Upfront Deals Start to Get Done

TV Networks Relent on Pricing, but Buyers Still Push for Deeper Cuts

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NEW YORK (AdAge.com) -- After weeks of delays, TV's upfront marketplace is beginning to move, with the five broadcast networks all writing some business, according to media buyers.

NBC and Fox are both said to be a little more than half complete with their upfront negotiations. ABC and the CW have also completed some business, according to buyers and people familiar with the situation, while CBS has completed negotiations with at least one major agency and is nearing agreement with a second, according to buyers.

"We're getting to maybe a place where we're getting a little more comfortable, and we're closer now with how it's going to be and where the networks will go," said one buying executive. "We're looking for more than just a token or obligatory small decrease."

While buyers say they continue to push for CPM rate rollbacks (that is, decreases in the cost of reaching 1,000 viewers), there is some indication that both sides are agreeing to do deals based on declines of 1% to 3%, buyers said. ABC has held against moving below a 3% discount, buyers said, while Fox has been trying to stay less negative than its rivals. CBS has been trying to maintain flat pricing but has also had to do negative dealing, according to buyers. NBC, which has greater ratings challenges than its rivals, has been offering CPM rollbacks in the mid-to-high-single-digit percentage range.

Initially buyers were seeking double-digit CPM declines from networks, while networks were hoping to sell ad inventory at CPM increases of 1% or 2%, or at least flat with last year's price. Both sides have backed off their hard stands, however, and are compromising with declines in the low single digits, according to buyers.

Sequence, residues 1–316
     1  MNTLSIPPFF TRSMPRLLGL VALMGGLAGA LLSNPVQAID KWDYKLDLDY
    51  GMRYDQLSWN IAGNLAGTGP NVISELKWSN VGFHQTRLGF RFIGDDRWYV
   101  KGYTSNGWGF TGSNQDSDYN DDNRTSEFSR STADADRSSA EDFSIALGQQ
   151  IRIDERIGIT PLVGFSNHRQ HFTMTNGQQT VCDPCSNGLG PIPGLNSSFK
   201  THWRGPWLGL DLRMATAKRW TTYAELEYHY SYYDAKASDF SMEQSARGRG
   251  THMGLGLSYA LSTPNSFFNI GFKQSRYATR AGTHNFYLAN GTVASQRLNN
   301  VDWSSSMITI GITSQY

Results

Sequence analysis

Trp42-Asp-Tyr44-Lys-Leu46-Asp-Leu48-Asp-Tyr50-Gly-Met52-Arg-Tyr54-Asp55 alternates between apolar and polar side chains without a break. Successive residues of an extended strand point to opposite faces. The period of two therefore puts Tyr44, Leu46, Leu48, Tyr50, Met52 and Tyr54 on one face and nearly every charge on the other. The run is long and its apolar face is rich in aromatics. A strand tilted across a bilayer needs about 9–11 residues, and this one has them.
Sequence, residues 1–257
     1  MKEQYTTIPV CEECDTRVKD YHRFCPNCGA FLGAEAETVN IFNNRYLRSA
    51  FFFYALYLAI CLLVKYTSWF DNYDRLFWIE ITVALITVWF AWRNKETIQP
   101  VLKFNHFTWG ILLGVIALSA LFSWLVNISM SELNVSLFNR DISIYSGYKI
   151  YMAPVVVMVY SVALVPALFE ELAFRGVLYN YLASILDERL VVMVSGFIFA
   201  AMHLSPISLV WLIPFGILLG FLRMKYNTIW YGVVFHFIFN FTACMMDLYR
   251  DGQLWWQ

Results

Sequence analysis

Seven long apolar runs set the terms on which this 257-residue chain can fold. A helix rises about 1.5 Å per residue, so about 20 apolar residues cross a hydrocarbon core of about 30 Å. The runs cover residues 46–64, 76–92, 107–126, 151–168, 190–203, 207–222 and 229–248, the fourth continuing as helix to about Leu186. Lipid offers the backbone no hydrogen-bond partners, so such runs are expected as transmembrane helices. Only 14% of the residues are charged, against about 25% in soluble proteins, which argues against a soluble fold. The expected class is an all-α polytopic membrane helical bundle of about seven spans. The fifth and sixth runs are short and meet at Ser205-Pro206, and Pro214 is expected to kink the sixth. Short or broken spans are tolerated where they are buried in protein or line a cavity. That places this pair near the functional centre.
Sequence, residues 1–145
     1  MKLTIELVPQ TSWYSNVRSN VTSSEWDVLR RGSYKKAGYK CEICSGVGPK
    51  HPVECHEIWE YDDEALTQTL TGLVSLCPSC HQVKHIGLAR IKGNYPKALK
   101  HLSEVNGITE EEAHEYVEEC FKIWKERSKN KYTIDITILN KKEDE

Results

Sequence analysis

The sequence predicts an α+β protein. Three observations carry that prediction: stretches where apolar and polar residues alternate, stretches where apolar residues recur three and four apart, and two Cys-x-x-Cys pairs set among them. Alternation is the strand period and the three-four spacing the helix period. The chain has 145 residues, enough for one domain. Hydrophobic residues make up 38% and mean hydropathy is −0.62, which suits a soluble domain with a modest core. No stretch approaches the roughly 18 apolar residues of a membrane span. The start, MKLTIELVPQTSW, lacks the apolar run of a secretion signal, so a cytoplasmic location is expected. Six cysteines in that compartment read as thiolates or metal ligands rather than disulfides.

Network executives declined to comment on ongoing negotiations.

All players expect the overall volume of dollars committed to be lower than in last year's market, when marketers earmarked about $9.23 billion for prime-time commercials on broadcast TV. Some Wall Street analysts have predicted that the broadcast networks will see a 10% to 20% decline from last year, which could mean the networks will be lucky to notch a take between $7.4 billion and $8.2 billion. Each year, the networks use the upfront to sell between 70% and 80% of their available inventory for the coming fall season.

The obstacles in the way
This year's haggling has been grueling -- and not just because the economy has forced advertisers to hold on to their dollars more tightly than in the past. Yes, it's true that economic fogginess makes it hard to allocate money for TV shows that won't air for weeks or months. But buying agencies have been ordered to clamp down severely on pricing, according to agency executives, and in some cases have been told not to come back to their clients without achieving deep discounts. In other cases, large media-buying agencies were able to lure new clients in the recent past with the promise of securing significant upfront discounting, and have been loath to come away from the bargaining table without it.

Another obstacle in negotiations has been pricing disputes over a range of dayparts. Buyers have also been pressing for severe price discounts in early morning and daytime, according to executives.

Time is also taking its toll. With some fall-season programs slated to get on the air in late summer, marketers face being left out of prime ad spots. By mid-August, buying executives have suggested, network sales executives could well decide to stop selling upfront ad time and instead decide to sell ad inventory as scatter, or on an as-needed basis. While the economy could keep prices low, marketers would face not being able to lock down important positions, such as Thursday-night prime-time ad berths for movie studios, or holiday ad rotations for retailers.

For their part, the networks are likely to hold on to more time than usual to sell as scatter later in the season. As the stock market rises and the economy stabilizes, the TV outlets will gamble that pricing will improve later in the year. Holding back more inventory than usual to sell at a higher price could help them meet whatever 52-week financial goals that have been set for them by their parent companies.

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